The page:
Sunday, July 26, 2009

The Law of Unintended Consequences

4-Block World.

Economic Principle from Frederic Bastiat:

There is only one difference between a bad economist and a good one: the bad economist confines himself to the visible effect; the good economist takes into account both the effect that can be seen and those effects that must be foreseen. Yet this difference is tremendous; for it almost always happens that when the immediate consequence is favorable, the later consequences are disastrous, and vice versa. Whence it follows that the bad economist pursues a small present good that will be followed by a great evil to come, while the good economist pursues a great good to come, at the risk of a small present evil.


At 7/26/2009 10:38 AM, Blogger Scott Grannis said...

The Democrats might well be called the Party of the Seen, while the Republicans (when they haven't forgotten their principles, as they did under Bush II), could be called the Party of the Unseen.

At 7/26/2009 1:09 PM, Blogger Milton Recht said...

There are also additional levels of unintended effects rarely discussed.

The beer drinker, by buying more beer, spends more personal income on beer than prior to the introduction of low calorie beer, and decreases the demand for other products. It shifts the resources of the economy to more beer production and away from other areas. More beer drinking also increases DUIs and alcohol related accidents.

Likewise, the rebound energy effect increases driving, but the data usually shows that the new total fuel costs are lower than before. The extra disposable income allows for new purchases, which may have more dire environmental and energy use consequences than gasoline. For example, buying a product or service whose production is highly dependent on coal produced electricity or oil, or has other bad environmental effects. The extra disposable income will increase demand for some additional product or service and the total effect in the economy on oil and energy use maybe higher after than before the introduction of the hybrid. The increase in miles driven also increases automobile accidents and road fatalities.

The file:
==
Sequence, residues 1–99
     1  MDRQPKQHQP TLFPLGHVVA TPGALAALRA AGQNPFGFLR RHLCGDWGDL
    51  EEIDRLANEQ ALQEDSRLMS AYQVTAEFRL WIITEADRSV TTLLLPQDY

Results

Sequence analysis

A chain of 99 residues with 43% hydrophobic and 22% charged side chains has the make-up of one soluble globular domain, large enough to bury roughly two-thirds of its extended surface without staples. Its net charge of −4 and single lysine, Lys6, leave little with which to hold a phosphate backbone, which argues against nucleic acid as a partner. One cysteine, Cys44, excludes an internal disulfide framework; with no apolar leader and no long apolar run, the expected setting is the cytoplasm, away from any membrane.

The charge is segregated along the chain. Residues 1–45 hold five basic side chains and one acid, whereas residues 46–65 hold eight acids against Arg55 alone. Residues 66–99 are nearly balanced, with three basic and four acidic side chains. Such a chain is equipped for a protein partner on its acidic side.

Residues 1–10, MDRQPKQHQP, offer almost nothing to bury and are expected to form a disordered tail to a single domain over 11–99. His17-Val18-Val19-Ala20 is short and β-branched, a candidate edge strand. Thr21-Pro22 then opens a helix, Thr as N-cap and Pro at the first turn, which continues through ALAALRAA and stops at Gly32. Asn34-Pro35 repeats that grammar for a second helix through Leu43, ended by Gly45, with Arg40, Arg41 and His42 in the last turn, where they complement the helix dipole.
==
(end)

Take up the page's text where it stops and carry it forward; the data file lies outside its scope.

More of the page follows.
The useful and influential Kaya Identity (Equation) helps planners understand and analyze environmental effects of energy use by looking at an economy's total GDP energy efficiency and not individual components, like automobiles. Unfortunately, politicians tend to tend to take very short sighted and narrow views of their proposals.

At 7/26/2009 4:21 PM, Anonymous Anonymous said...

There is only one difference between a bad economist and a good one: The bad economist confines himself to the visible effect

Yep, in one sentence that pretty much describes nearly every post on this blog about housing, production and economic recovery. There's no inkling of knowledge about what's going on behind the scenes.


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